What’s the easiest way to correct this nutrient shortage? Two words: whole foods. “Almost all of the shortfalls identified by this survey can be corrected by eating a balanced, mostly plant-based diet,” says AICR nutrition advisor Karen Collins, RD.

Good fats

When you eat a diet made up mostly of whole foods, it’s easier to decrease the bad-for-you fats (trans fats and saturated fats) often added to processed foods and fast food. At the same time, it’s easier to emphasize the “good” fats (omega-3s from fish and plants, and monounsaturated fat from plant sources).


Most whole plant foods are rich in fiber; many processed foods, junk foods, and fast foods are not. Fiber helps your health in all sorts of ways; keeps the GI tract moving, helps you feel full faster, and it helps fight heart disease and diabetes.

“Foods are a better way to get fiber than supplements. You get the whole package,” says Martin O. Weickert, MD, of the German Institute of Human Nutrition. That’s because most plant foods have both types of fiber (soluble and insoluble).

Eating fiber-rich foods is linked to control of blood sugar, blood lipids (fats), and weight in adults, according to researchers from the Georgia Prevention Institute who recently did a study on whole-grain foods and abdominal fat in teenagers.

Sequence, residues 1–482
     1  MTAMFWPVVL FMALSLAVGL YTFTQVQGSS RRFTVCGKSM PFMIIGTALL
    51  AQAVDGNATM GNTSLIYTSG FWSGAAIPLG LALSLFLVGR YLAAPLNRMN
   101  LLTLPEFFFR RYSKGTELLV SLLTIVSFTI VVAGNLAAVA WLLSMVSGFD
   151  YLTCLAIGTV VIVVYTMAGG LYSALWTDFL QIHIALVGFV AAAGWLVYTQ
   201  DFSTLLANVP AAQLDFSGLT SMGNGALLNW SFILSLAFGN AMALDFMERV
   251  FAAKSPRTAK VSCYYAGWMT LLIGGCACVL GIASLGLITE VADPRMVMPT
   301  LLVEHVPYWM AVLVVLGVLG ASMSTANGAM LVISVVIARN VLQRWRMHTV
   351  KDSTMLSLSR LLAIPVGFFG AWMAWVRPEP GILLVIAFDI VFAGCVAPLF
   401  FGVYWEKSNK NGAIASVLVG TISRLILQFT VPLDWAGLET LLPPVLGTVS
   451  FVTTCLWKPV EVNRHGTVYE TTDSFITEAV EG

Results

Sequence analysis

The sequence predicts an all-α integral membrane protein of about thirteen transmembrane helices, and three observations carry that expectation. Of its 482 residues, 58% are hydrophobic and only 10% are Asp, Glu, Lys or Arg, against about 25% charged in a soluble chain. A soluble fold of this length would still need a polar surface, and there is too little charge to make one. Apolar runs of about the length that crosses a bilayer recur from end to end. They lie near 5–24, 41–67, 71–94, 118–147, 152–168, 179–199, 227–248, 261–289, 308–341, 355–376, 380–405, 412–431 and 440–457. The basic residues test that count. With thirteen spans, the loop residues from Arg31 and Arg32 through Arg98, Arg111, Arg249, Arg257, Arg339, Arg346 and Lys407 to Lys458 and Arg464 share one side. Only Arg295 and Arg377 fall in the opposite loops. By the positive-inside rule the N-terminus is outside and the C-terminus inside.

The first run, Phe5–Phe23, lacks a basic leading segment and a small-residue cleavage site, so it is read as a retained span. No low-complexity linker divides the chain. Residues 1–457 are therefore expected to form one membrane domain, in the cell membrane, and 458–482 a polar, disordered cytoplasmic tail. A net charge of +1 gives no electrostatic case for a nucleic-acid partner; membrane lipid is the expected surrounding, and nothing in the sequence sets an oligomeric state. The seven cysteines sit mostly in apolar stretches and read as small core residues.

Fewer ‘extras’

Whole foods are as nature made them, without added fat, sugar, or sodium. Eating more whole foods will help you cut down on calories from the added fats and sugars we get from processed and fast foods.

Whole grains

You might think the benefits of whole grains have mostly to do with fiber, but there’s so much more than that. “Whole grains are rich in a myriad of vitamins, minerals and phytochemical compounds that, alone or in combination, are likely to have significant health benefits that are beyond that from dietary fiber,” notes Simin Liu, MD, ScD, a researcher and professor of epidemiology at the University of California-Los Angeles.

6 Ways to Add Whole Foods to Your Diet

So just how do you go about getting more whole foods in your diet? Here are six simple steps to take:

  • Choose products with 100% whole grains whenever possible.
  • Replace half the white flour called for in your baking recipes with whole-wheat flour. Also, use half the amount of sweetener when you can.
  • Eat lots of fresh vegetables and fruits. Try to include them in almost every meal and snack.
  • Include beans in your meals and snacks more often. They are a great source of plant protein, fiber, phytochemicals, and other nutrients.
  • Eat fewer convenience and processed foods. They’re often loaded with added fat, sugar, salt, and additives.
  • Don’t forget your beverages. Go for non-sugary options such as water, mineral water, green tea (iced or hot).

Looking for an easy resource for simple recipes to try?

Check out my friends at Positive Health Wellness

5 Simple Raw Vegan Recipes to Try at Home